• He said, "About 2,000 years ago."

  • And I said, "No, I mean, the roof."

  • You see, I assumed that this was a modern roof

  • that had been put on because the original

  • was destroyed in some long-past war.

  • He said, "It's the original roof."

  • That moment changed my life,

  • and I can remember it as if it were yesterday.

  • For the first time, I realized people were smart

  • 2,000 years ago. (Laughter)

  • This had never crossed my mind.

  • I mean, to me, the pyramids at Giza,

  • we visited those the year before,

  • and sure they're impressive, nice enough design,

  • but look, give me an unlimited budget,

  • 20,000 to 40,000 laborers, and about 10 to 20 years

  • to cut and drag stone blocks across the countryside,

  • and I'll build you pyramids too.

  • But no amount of brute force

  • gets you the dome of the Pantheon,

  • not 2,000 years ago, nor today.

  • And incidentally, it is still the largest

  • unreinforced concrete dome that's ever been built.

  • To build the Pantheon took some miracles.

  • By miracles, I mean things that are

  • technically barely possible,

  • very high-risk, and might not be

  • actually accomplishable at this moment in time,

  • certainly not by you.

  • For example, here are some of the Pantheon's miracles.

  • To make it even structurally possible,

  • they had to invent super-strong concrete,

  • and to control weight,

  • varied the density of the aggregate

  • as they worked their way up the dome.

  • For strength and lightness, the dome structure

  • used five rings of coffers,

  • each of diminishing size,

  • which imparts a dramatic forced perspective

  • to the design.

  • It was wonderfully cool inside

  • because of its huge thermal mass,

  • natural convection of air rising up

  • through the oculus,

  • and a Venturi effect when wind blows across

  • the top of the building.

  • I discovered for the first time that light itself

  • has substance.

  • The shaft of light beaming through the oculus

  • was both beautiful and palpable,

  • and I realized for the first time

  • that light could be designed.

  • Further, that of all of the forms of design,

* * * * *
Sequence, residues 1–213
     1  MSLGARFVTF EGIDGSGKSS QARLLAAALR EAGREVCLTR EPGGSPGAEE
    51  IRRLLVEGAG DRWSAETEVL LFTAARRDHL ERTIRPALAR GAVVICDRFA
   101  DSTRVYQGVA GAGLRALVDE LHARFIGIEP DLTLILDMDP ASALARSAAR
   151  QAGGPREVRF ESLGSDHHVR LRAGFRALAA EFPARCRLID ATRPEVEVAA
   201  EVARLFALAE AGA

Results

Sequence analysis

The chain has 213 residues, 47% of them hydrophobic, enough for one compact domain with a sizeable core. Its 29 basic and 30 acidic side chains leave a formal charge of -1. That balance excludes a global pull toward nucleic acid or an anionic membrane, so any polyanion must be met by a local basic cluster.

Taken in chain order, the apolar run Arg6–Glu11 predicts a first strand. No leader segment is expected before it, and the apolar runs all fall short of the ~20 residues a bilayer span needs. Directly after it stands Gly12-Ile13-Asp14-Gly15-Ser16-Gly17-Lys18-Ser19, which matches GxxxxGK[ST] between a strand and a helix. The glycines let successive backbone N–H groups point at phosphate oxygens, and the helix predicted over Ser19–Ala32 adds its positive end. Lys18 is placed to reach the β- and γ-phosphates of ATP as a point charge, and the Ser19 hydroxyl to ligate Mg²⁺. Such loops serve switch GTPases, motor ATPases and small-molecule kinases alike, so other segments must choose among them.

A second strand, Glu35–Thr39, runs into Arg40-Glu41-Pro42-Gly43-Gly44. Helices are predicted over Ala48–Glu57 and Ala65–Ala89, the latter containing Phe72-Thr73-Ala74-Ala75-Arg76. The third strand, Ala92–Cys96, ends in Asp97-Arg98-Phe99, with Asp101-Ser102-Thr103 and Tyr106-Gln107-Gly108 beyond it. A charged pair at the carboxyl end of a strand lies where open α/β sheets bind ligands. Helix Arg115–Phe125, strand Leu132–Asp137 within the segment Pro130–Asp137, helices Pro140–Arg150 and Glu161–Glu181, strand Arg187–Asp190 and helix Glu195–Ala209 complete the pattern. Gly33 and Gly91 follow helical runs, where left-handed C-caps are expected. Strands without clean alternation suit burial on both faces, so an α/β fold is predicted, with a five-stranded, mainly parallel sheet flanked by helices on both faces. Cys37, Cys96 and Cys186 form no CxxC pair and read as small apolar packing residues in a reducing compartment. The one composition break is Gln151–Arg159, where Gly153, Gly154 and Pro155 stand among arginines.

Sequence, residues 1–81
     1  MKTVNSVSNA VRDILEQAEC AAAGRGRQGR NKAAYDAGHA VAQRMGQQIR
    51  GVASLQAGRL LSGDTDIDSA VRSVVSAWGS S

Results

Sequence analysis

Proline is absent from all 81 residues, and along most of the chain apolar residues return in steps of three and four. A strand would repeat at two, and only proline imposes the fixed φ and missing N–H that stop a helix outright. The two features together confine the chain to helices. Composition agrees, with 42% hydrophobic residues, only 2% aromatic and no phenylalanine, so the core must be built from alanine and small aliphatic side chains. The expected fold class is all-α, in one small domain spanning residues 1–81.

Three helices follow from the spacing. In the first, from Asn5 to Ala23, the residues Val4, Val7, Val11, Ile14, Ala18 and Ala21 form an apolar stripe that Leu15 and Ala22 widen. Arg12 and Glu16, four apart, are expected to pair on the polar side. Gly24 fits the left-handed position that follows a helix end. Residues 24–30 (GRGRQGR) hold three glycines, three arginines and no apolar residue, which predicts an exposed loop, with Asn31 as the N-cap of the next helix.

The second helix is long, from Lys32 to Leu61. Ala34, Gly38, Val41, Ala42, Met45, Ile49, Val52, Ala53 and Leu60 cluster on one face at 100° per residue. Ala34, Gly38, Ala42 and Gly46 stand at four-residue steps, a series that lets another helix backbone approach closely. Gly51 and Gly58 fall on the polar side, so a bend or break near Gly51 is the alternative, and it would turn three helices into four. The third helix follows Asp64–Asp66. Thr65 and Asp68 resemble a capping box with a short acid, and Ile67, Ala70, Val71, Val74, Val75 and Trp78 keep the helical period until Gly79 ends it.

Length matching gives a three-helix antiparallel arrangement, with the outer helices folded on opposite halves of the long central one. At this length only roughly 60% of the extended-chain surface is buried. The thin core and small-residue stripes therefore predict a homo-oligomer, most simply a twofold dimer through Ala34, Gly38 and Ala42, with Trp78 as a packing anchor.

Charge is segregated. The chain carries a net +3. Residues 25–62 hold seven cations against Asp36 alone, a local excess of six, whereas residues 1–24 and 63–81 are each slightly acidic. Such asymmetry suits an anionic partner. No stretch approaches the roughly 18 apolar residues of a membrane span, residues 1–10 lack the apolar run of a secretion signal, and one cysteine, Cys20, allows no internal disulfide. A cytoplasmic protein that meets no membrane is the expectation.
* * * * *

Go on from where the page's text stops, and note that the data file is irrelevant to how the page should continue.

• visual design,

  • they were all kind of irrelevant without it,

  • because without light, you can't see any of them.

  • I also realized that I wasn't the first person

  • to think that this place was really special.

  • It survived gravity, barbarians, looters, developers

  • and the ravages of time to become

  • what I believe is the longest

  • continuously occupied building in history.

  • Largely because of that visit,

  • I came to understand that,

  • contrary to what I was being told in school,

  • the worlds of art and design

  • were not, in fact, incompatible

  • with science and engineering.

  • I realized, when combined,

  • you could create things that were amazing

  • that couldn't be done in either domain alone.

  • But in school, with few exceptions,

  • they were treated as separate worlds,

  • and they still are.

  • My teachers told me that I had to get serious

  • and focus on one or the other.

  • However, urging me to specialize

  • only caused me to really appreciate those polymaths

  • like Michelangelo, Leonardo da Vinci,

  • Benjamin Franklin,

  • people who did exactly the opposite.

  • And this led me to embrace

  • and want to be in both worlds.

  • So then how do these projects of unprecedented creative vision and technical complexity

  • like the Pantheon actually happen?

  • Someone themselves, perhaps Hadrian,

  • needed a brilliant creative vision.

  • They also needed the storytelling and leadership skills

  • necessary to fund and execute it,

  • and a mastery of science and technology

  • with the ability and knowhow

  • to push existing innovations even farther.

  • It is my belief that to create these rare game changers

  • requires you to pull off at least five miracles.

  • The problem is, no matter how talented,

  • rich or smart you are,

  • you only get one to one and a half miracles.

  • That's it. That's the quota.

  • Then you run out of time, money, enthusiasm,

  • whatever.

  • Remember, most people can't even imagine

  • one of these technical miracles,

  • and you need at least five to make a Pantheon.

  • In my experience, these rare visionaries

  • who can think across the worlds of art,

  • design and engineering

  • have the ability to notice

  • when others have provided enough of the miracles

  • to bring the goal within reach.

  • Driven by the clarity of their vision,

  • they summon the courage and determination

  • to deliver the remaining miracles

  • and they often take what other people think to be

  • insurmountable obstacles

  • and turn them into features.

  • Take the oculus of the Pantheon.

  • By insisting that it be in the design,

  • it meant you couldn't use much of the structural technology

  • that had been developed for Roman arches.

  • However, by instead embracing it

  • and rethinking weight and stress distribution,

  • they came up with a design that only works

  • if there's a big hole in the roof.

  • That done, you now get the aesthetic

  • and design benefits of light, cooling

  • and that critical direct connection with the heavens.

  • Not bad.

  • These people not only believed

  • that the impossible can be done,

  • but that it must be done.